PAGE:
2. If you don’t know what’s in it, don’t put it in you. While a dish may look delicious and harmless, it may have mystery ingredients waiting to terrorize your body. Don’t assume that your nose or eyes can tell you all the ingredients. The best way to get information is to ask the person that brought the dish. But, I acknowledge that not everyone feels comfortable doing this…for several of reasons. You may be afraid to look snotty asking for the ingredients. Or, you may be shy and not comfortable speaking at all. The reason for failing to ask doesn’t really matter. The takeaway is if you can’t obtain accurate information on the ingredients, don’t put it in your belly.
3. Master the art of the mash up. You know how it goes, everyone gets in line and puts food from each container onto their plate. As you pass each food item, your nosey co-workers look to see what items you choose or pass up. Feeling pressured, you put all the selections on your plate, even the ones you know you cannot eat. Faced with mounds of food, what do you do? Easy, you sit down among your co-workers, strike up a conversation and move the food around on your plate pretending to eat it. This is actually a trick I learned as a kid when my parents insisted on stuffing me with vegetables. I would stuff my vegetables into dinner rolls or under the meat on my plate. The sky is the limit with this option. Also, if you followed my first suggestion, you have one safe and edible item that you can eat. If eaten correctly, no one will notice that you neglected the rest of your plate.
4. Develop your story. Before I mastered items 1-3, I developed a canned story to explain why I did not eat at company potlucks. When asked “hey, why aren’t you eating, don’t you like the food”? I would respond, “oh, I’m a germaphobe and psychologically I cannot eat food that other people have touched and picked over. The thought of skin cells falling into my food keeps me up at night. Also, I cannot eat food prepared by people I know have pets and have questionable hygiene.” Pause, I know what you are thinking. You are thinking “wow, that canned story seems so much worse than just telling the truth.” Shockingly, it is not. See, people seem better able to understand a co-worker being a germaphobe than a co-worker having crohn’s disease. While more people are talking about this illness, there is still very little awareness about it. So, I was completely fine being viewed as the weird germaphobe.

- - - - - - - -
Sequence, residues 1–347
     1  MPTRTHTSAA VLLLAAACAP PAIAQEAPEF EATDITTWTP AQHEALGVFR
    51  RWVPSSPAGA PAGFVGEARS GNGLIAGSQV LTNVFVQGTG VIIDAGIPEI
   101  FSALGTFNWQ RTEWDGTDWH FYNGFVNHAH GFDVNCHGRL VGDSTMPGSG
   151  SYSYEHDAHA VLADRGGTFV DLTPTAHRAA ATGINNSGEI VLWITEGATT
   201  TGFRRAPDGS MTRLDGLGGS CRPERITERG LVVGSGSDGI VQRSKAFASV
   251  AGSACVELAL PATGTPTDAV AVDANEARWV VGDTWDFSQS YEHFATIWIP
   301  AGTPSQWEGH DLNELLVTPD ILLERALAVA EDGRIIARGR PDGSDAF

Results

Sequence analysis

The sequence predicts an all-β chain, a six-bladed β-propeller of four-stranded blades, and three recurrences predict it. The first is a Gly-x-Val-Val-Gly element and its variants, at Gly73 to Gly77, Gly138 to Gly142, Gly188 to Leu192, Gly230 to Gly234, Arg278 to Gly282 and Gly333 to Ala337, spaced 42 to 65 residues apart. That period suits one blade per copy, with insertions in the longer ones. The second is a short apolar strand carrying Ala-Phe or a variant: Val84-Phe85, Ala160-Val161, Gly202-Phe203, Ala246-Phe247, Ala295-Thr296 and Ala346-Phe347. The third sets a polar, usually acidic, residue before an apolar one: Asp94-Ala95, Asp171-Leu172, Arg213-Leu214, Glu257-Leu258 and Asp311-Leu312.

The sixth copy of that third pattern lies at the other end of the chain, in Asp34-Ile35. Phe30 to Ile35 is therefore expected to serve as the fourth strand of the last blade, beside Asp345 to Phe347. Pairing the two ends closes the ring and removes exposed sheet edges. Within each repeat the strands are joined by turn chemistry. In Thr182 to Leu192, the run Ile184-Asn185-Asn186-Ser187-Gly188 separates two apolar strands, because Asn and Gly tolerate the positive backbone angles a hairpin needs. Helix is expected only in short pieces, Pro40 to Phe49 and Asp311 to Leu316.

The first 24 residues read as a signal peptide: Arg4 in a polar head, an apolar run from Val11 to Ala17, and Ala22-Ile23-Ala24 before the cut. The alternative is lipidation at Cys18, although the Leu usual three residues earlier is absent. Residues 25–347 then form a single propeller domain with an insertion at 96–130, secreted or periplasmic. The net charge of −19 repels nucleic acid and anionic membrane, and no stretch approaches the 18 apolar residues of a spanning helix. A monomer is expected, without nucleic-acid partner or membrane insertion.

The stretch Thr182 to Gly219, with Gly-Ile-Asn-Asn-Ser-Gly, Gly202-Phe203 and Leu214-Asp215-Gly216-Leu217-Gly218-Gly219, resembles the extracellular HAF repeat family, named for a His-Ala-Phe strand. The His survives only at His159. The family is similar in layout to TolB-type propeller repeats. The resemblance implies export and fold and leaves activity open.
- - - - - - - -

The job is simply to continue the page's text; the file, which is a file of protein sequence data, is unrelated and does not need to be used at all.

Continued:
5. At the first sign of trouble, GET OUT! If you fail to do any of the above recommended items, it is very important that you plan your exit in advance. You need to know the exits out of the room and the location of the nearest restroom. When your stomach starts arguing with you, get out immediately. Do not attempt to negotiate with your stomach. And, for heaven’s sake, DO NOT ever underestimate a fart! That could be a costly AND messy mistake.
Now, I am sure some people are reading this thinking “maybe you should just be honest and disclose that you have crohn’s or other dietary restrictions.” That is a very reasonable suggestion. I mean really, why let unspoken rules force you to do something to your detriment? Asked another way, why let unspoken rules force you to eat or pretend to eat food when you really don’t owe anyone an explanation? Well, we live in the real world. While we can sit and debate about what the social rules or office political boundaries should be…the reality is there are current rules and expectations in place. In order to get to the top, if that is your goal, there is a game to be played. Let’s face it, eating and talking about an illness that involves crapping your brains out don’t necessarily mesh well. So, the recommendations above are your safety net.
As I shared with you in a earlier post, I tend to dance to the beat of my own drum. So while I may have used these recommendations early in my career…I REFUSE to do any of them now (except item 1). While I don’t broadcast my illness, I have no problem declining food and completely devouring the one item I brought. I unapologetically decline food and drinks and while not rude, do not feel led to explain. When pushed on the issue, I simply state “no thanks”. No matter what form the inquiry into my refusal to eat takes, my response is always the same. This has been quite effective and people give up fairly quickly when I repeat myself.
I cannot tell you which option to choose, because only you know your situation and office politics. Also, only you know how high you desire to climb on the corporate ladder. I can say that after several hospitalizations from food at office potlucks, I said screw the corporate ladder…I actually burned the ladder. I have learned any environment that requires me to comprise to my detriment, is simply not for me.